Dear God, Deaglán, are you for real?

      Cullen’s remarks were not simply “unfortunate and inappropriate,” and they won’t become so no matter how many times you repeat yourself. They were considered and deliberately included in his prepared speech, as Cullen has said himself.

      The only person to “trivialised” rape and sexual violence was Cullen himself by his use of the comparison. The only objections I have heard or read are based on just that: his use of that comparison which was plainly crass, wrong and insulting to survivors.

      Your remark that objections to Cullen’s use of words are a “disingenuous and opportunistic pursuit of a political agenda against Cullen” is disgraceful.

    • Blimey O'Riley says:

      ‘Humble’…Deaglan…? Hmmm! an oxymoronic juxtaposition imho!

    • Deaglán says:

      “Disgraceful”??? Get a grip. It is quite clear what is going on here. Martin Cullen, whatever you may think about his performance as a minister etc, has raised valid questions about the media and privacy, especially family privacy. The fact that he used an unfortunate and inappropriate analogy (by referring to rape in his attempt to convey what it felt like to be subject to such media coverage) is not a valid reason for turning the debate away from the privacy issue. Rape and how it can be stamped out is a subject of such major importance that it deserves to be discussed in its own right. I contend that those who are seeking to divert the discussion away from the privacy issue are misguided and, in some cases, motivated by opportunistic political considerations. It is right and proper that anti-rape campaigners should vehemently object to Cullen’s inappropriate language but that’s not an excuse for others who would seek to shelve the privacy debate.

    • Blimey O'Riley says:

      Rape:Privacy …When someone deliberately compares sexual violence with ‘doorstepping’ and that person is a Government Minister, it IS a political issue and one that calls in to question his judgement…particularly when the usage was deliberate and obviously calculated for maximum effect. And it is not an issue to be marginalised to ‘Rape Campaigners’…by default Cullen has brought it into the forefront of public debate in a way even Listowel did not. I can only imagine the Paxmeisters response to that little gaffe!
      And Deaglan a little more measured in your responses as a Senior member of the press might be in order…?

    • Desmond FitzGerald says:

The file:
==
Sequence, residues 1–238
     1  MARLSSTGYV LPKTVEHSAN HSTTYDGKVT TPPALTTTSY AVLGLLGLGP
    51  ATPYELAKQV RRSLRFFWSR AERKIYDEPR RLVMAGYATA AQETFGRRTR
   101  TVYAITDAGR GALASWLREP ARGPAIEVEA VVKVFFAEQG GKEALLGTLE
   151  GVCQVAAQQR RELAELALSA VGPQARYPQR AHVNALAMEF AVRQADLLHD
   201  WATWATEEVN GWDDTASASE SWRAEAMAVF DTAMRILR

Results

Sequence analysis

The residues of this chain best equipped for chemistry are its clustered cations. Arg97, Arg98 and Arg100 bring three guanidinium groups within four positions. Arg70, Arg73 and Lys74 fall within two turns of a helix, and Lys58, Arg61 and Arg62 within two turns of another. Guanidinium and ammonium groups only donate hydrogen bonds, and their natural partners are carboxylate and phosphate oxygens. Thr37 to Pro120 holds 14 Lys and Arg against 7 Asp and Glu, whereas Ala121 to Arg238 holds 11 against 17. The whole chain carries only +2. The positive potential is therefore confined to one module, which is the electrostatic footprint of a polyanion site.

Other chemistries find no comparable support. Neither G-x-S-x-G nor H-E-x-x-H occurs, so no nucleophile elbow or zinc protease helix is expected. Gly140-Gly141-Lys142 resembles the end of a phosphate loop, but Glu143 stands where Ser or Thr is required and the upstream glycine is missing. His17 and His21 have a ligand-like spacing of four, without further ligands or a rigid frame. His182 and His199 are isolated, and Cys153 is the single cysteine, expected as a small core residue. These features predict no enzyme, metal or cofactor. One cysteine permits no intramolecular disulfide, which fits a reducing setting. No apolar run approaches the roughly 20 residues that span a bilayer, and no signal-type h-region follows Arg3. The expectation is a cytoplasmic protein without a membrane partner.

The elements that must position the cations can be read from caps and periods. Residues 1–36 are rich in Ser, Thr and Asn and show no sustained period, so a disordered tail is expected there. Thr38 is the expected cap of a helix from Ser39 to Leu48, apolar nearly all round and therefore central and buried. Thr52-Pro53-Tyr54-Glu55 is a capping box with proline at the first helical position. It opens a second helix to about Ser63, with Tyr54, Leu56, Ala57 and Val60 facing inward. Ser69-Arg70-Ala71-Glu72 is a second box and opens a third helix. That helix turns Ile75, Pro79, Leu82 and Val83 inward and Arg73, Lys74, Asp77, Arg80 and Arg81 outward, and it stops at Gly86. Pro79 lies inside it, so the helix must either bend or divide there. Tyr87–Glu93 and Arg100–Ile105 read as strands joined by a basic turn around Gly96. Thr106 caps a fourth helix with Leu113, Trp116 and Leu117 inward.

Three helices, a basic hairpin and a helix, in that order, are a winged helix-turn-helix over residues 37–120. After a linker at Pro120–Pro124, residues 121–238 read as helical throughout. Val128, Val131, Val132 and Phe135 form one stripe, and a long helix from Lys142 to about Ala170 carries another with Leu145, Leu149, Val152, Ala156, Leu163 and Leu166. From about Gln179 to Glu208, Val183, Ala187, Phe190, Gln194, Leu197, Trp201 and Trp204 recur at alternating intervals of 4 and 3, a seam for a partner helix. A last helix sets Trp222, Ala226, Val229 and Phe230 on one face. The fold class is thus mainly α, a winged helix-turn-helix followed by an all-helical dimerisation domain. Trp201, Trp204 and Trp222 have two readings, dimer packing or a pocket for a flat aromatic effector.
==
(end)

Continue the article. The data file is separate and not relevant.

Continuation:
Interesting how privacy never applies to people who aren’t part of the middle class – you never see any attempts to protect the privacy of people in court who would not be from a middle class background. Yet for the Lillis case the justice system goes out of its way to bend to the wants of those facing court – no arriving in handcuffs for Mr Lillis and then after being found guilty he is allowed walk out of court to ‘settle his affairs’ …

      As for Cullen – no, using the word rape was not ‘unfortunate’ it is totally unacceptable and he should be roasted alive until he publicly and sincerely apologises for using it. By your actions ye be judged … and by his actions he is not only one of the worst cabinet members at the moment, but in the history of the State. There is not one single achievement he can lay claim to although there are many failures he directly caused.

    • steve white says:

      its not the most interesting case it was the most prurient case in a while. it didn’t deserve a full page. that’s excessive. NI issues should and do get a full page, the gangland murders don’t get a full page. its middle class voyeurism from the supposed paper of record.

      again would the IT not have published the picture get off your high horse. “Its called news!” isn’t an explanation.

    • Dan Sullivan says:

      Deaglán, privacy also throws up the companion issues of transparency and veracity.

      Martin Cullen said in his speech that certain things happened that if they did occur are wholly disgraceful and wrong but we’ve only his word for it. He says a journalist entered his house when his daughter was home alone, who was this person? What complaint was made to the journalist’s employer, does there exist any record of this? Or are we to rely solely on his word for it?

      There is also the assertion that his sons got a hiding or a beating for as he says defending their father’s reputation but how did they seek to defend it? Who threw the first punch? We don’t know and again there appears to be no record of any assaults occurring.

      People including politicians are entitled to privacy but then they bring up something from their private life and use it to support a point they should be able to stand over it. Martin Cullen has a history of saying things he can’t stand over or back up, he did this on e-voting along with other policy decisions.

      How do we as members of the public know that any of these things occurred?